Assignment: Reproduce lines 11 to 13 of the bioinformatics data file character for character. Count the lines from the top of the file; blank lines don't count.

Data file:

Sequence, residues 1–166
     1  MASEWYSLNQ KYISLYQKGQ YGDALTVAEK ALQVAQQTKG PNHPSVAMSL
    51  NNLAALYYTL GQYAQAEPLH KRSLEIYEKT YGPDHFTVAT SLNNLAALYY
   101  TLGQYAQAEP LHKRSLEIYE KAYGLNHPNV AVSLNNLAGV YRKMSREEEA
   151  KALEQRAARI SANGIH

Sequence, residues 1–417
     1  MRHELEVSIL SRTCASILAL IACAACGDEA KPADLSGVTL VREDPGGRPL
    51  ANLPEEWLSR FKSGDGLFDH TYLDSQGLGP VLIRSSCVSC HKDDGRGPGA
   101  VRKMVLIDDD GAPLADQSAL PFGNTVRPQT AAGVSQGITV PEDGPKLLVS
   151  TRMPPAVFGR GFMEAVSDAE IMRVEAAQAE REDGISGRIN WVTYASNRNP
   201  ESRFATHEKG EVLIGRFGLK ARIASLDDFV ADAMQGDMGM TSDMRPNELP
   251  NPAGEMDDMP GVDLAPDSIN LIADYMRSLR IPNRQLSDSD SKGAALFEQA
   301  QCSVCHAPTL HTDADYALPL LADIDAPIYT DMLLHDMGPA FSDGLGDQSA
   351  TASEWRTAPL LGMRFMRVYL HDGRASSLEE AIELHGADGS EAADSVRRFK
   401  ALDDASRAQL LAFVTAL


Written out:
   201  ESRFATHEKG EVLIGRFGLK ARIASLDDFV ADAMQGDMGM TSDMRPNELP
   251  NPAGEMDDMP GVDLAPDSIN LIADYMRSLR IPNRQLSDSD SKGAALFEQA
   301  QCSVCHAPTL HTDADYALPL LADIDAPIYT DMLLHDMGPA FSDGLGDQSA